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Carolina Infant's Mistaken Sex Assignment Surgery More Than a Case of Malpractice

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When the child identified in court papers only as "M.C." was 16 months old and a ward of the state, doctors and health officials in South Carolina decided that he would become a girl. Born intersex (a term that encompasses individuals with some variation of both male and female sexual and reproductive anatomy), M.C. had "ambiguous genitals" and "both male and female reproductive organs," according to Reuters.

Doctors removed M.C.'s male reproductive organs and eliminated any potential he had "to procreate as a male," said court filings.

But that surgery did not so neatly turn M.C. into a girl. Now age 8, he identifies as a boy.

A lawsuit filed earlier this month by M.C.'s adoptive parents contends that medical professionals sworn to protect the child failed him catastrophically.

Represented by the Southern Poverty Law Center and Advocates for Informed Choice, they argue that doctors convinced the child's state-appointed guardians to go through with surgery without fully disclosing the procedure's enormous risks, which include sterilization and diminished sexual sensation.

The lawsuit also alleges that the state of South Carolina in turn violated M.C.'s constitutional rights by failing to hold a court hearing to determine whether surgery was in the child's best interest. The plaintiffs go on to argue that beyond questions of procedural due process, the government does not have any legitimate, defensible claim to the kind of life-altering power that South Carolina exercised over M.C.

That last bit is most crucial when evaluating the case's implications, because to see this simply as an instance of medical malfeasance and negligence is to miss the larger cultural point. Doctors didn't just treat a condition or a disease incorrectly or too hastily. They didn't treat a medical disease at all. The procedure was done without any medical justification whatsoever, as is historically the case with most intersex infants who undergo such operations.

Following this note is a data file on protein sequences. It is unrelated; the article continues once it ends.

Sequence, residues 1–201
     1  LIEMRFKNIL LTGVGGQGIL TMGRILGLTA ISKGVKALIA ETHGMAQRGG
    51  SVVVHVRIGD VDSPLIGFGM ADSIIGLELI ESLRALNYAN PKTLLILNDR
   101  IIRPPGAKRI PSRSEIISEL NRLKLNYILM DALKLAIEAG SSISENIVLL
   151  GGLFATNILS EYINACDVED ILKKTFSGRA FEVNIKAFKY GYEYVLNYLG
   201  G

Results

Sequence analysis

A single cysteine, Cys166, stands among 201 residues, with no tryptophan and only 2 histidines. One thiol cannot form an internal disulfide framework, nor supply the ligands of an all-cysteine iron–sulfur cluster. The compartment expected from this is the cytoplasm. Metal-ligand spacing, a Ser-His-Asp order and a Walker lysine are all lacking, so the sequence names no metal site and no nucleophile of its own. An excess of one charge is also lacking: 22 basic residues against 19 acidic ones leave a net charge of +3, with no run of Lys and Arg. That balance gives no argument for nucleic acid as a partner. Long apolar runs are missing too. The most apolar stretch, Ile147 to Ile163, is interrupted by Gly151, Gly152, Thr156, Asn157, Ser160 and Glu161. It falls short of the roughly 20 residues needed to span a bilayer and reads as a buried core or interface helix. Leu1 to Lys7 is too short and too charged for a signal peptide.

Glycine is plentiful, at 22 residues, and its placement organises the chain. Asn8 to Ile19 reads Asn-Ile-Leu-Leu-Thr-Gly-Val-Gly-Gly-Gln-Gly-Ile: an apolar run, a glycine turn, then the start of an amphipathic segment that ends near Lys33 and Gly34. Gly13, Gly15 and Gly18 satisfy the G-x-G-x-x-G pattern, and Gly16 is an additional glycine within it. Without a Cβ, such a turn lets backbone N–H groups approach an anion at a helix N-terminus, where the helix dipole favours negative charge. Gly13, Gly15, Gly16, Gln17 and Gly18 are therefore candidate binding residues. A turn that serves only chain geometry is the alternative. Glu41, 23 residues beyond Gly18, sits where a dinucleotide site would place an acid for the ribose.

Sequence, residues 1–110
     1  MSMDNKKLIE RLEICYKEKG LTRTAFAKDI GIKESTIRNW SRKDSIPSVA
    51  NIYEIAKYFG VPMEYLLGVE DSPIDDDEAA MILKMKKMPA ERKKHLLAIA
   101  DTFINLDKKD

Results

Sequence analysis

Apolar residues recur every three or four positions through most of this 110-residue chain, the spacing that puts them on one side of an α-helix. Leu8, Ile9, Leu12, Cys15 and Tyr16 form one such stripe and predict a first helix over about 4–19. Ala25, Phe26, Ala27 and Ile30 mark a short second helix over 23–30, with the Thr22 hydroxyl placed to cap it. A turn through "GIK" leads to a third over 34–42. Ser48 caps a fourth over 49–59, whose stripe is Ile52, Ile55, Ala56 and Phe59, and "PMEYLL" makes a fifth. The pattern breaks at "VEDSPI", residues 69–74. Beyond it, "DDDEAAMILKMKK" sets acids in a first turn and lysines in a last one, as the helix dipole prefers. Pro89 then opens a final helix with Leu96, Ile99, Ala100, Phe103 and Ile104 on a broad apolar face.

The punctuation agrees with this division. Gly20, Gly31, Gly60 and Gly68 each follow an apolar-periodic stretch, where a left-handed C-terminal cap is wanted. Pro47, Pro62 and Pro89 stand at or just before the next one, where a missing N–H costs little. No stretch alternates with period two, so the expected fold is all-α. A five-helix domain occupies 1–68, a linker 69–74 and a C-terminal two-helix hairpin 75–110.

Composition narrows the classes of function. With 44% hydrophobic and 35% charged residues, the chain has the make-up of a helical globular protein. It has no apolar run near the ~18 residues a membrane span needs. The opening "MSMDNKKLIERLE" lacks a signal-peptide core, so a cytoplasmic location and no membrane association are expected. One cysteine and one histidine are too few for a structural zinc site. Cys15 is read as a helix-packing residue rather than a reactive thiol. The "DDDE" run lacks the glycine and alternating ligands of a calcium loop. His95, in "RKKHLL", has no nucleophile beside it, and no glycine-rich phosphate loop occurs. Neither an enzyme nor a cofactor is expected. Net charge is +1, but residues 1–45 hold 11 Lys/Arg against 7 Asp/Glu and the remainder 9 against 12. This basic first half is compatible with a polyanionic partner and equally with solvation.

Instead, they treated a social illness, for which the remedy is making bodies deemed "abnormal" conform to society's strict sex and gender guidelines, and in the process they mutilated a child in their care.

M.C. will spend the rest of his life paying for his caretakers' actions. Should he choose reparative surgery, he'll face multiple expensive operations that might be categorized as elective procedures by an insurance carrier determined not to cover them. He also faces psychological peril. As sociologist Sharon Preves writes in an essay titled "Intersex Narratives: Gender, Medicine, and Identity," "intersexuals who [unknowingly] underwent medical sex assignment in childhood experienced consistently negative and confusing messages about their bodies and their identities."

However, putting aside for a moment the instinct to mourn the fact that M.C. is a boy without a penis, we should recognize that M.C. was violated and victimized long before his identity as a boy emerged. The tragedy is not only physical and psychic; his disfigurement symbolizes his denied right to control his own body and identity. Even if M.C. had grown up to identify as a girl, identify with her surgically altered genitalia and live out her days as a female-bodied woman, the surgery would have been just as problematic and alarming.